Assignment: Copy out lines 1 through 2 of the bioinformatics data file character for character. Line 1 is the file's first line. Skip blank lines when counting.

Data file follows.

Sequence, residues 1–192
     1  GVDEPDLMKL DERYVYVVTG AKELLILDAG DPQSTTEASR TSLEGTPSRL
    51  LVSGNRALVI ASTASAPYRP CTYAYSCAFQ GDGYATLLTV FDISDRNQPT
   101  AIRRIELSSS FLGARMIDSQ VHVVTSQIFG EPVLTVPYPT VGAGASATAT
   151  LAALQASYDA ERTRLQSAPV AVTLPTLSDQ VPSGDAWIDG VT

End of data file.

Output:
Sequence, residues 1–192
     1  GVDEPDLMKL DERYVYVVTG AKELLILDAG DPQSTTEASR TSLEGTPSRL